Jack A. Brown has committed an unpardonable sin in the eyes of the New York Times and the de Blasio Administration: He has revealed himself to be a businessman who is providing vital government services.
That apparently cannot stand.
Brown runs a nonprofit that has been paid millions of dollars by New York City to operate various homeless facilities. Contracting out these services is a necessity, as the city has proven itself incapable of running such things with any semblance of efficiency–especially under Bill de Blasio, who seems to revel in the shambolic management style and rank incompetence that has marked his tenure.
The nonprofit also owns and operates a number of businesses that provide the nonprofit food, security and other services needed to run a shelter. The businesses provide such services to other nonprofits as well. A vertically-integrated business model in this realm is neither unique nor illegal, and in fact was being done with the city’s knowledge and agreement, but it is apparently offensive none the less.
Through these businesses–and the nonprofit that runs the homeless shelters–Brown received nearly $1 million in compensation last year, and that is clearly the most egregious sin of all. It’s a figure that clearly rankles the mayor and his advisors, who–the Times dutifully reports– want the people who run their homeless shelters to be motivated solely by altruism. They responded to Brown’s offensive income by leaking various documents to the Times showing complaints that have been filed against some of the shelters Brown manages.
They complain that, besides employing the for-profit businesses, CORE has also hired relatives of Brown (a total of five in an organization with more than 1,100 employees) and also bought and remodeled a couple of buildings to be used as a homeless shelter. What’s more, the Times indignantly notes, CORE paid for gym memberships for some employees–something that the Times presumably would support in virtually any other context.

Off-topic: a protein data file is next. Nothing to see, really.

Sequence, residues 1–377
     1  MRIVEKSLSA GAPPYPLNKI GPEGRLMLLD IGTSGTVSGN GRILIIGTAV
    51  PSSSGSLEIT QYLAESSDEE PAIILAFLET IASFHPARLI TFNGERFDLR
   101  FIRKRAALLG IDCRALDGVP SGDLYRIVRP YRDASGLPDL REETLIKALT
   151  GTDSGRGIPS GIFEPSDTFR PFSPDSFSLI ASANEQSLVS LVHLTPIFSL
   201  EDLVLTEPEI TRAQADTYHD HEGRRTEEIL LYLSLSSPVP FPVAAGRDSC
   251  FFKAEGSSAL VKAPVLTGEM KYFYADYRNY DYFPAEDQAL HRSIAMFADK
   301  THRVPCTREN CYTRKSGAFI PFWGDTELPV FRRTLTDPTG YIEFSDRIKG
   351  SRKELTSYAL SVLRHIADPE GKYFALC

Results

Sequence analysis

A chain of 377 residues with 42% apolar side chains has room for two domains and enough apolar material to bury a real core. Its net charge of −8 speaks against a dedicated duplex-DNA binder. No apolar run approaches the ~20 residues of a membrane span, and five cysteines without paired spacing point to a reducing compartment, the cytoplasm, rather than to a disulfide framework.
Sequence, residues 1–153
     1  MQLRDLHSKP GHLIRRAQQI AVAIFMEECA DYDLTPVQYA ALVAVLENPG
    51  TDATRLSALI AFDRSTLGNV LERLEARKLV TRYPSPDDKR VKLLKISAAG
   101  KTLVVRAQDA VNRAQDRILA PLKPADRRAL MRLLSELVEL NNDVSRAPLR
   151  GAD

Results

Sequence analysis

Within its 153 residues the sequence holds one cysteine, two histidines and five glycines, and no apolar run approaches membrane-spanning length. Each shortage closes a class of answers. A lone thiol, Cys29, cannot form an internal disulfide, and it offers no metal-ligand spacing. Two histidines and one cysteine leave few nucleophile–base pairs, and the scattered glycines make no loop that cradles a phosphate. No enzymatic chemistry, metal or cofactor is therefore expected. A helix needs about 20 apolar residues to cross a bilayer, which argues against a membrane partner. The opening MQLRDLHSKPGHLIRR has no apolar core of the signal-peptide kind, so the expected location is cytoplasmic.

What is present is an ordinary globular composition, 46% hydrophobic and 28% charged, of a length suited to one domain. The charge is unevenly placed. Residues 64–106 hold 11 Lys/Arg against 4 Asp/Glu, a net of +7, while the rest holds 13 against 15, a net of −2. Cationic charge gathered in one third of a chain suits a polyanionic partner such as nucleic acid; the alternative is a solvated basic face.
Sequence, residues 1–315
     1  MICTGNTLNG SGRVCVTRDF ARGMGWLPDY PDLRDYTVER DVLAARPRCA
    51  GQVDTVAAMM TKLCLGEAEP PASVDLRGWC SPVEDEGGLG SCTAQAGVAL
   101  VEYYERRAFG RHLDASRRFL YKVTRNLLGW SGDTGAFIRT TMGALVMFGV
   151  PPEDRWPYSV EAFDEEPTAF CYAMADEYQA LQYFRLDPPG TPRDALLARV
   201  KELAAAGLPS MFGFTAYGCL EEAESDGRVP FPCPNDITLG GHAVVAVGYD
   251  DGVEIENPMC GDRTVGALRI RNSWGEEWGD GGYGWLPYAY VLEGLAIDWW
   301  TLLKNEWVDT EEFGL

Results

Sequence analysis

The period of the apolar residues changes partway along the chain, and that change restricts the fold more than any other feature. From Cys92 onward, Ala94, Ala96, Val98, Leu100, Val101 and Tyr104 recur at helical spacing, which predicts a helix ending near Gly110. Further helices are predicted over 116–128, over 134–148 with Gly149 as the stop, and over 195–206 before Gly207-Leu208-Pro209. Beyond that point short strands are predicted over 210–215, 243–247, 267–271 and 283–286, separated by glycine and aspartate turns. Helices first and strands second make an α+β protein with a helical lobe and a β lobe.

The New York Times piece is probably best read as a broad attack on the entire concept of the government contracting out the provision of services for a critical population to for-profit businesses, and Brown’s salary–hardly extravagant for someone running institutions of the size and complexity of his–made him the designated punching bag.
Just before Thanksgiving The Times reported that New York City will no longer contract with CORE: while the Administration said it was its decision to fire the company, Brown told the paper–which it did not dispute–that it decided to pull out of its New York City operations itself, and that the city still owes it millions in payments.
The entire thing–both the Times’ piece and the clumsy administration attack–is both offensive and banal. The city has a homelessness problem that is metastasizing, a legal obligation to provide critical services to this population, and no clue how to do so without relying on outside vendors. The notion that the injection of commerce into this transaction somehow sullies and impinges upon the quality of care provided is self-righteous and sophomoric.
Jack Brown set up an operation to help the city tackle a terrible social ill and also, in an effort to control the quality of these services, created several businesses to advance that effort. That he’s a minority business owner and that he’s managed to do a decent job in what is a complicated, socially fraught task–made worse by the current mayor–should be celebrated.
However, it is a perspective that the socialist mayor simply cannot countenance, so before he leaves office he’s apparently decided to hand his successor a bag of poop–a homeless problem made worse by his mismanagement and an environment that will make contractors reluctant to get involved.
With luck the next mayor will focus on solving problems first and not worry about the ideological motivations of those helping to do so.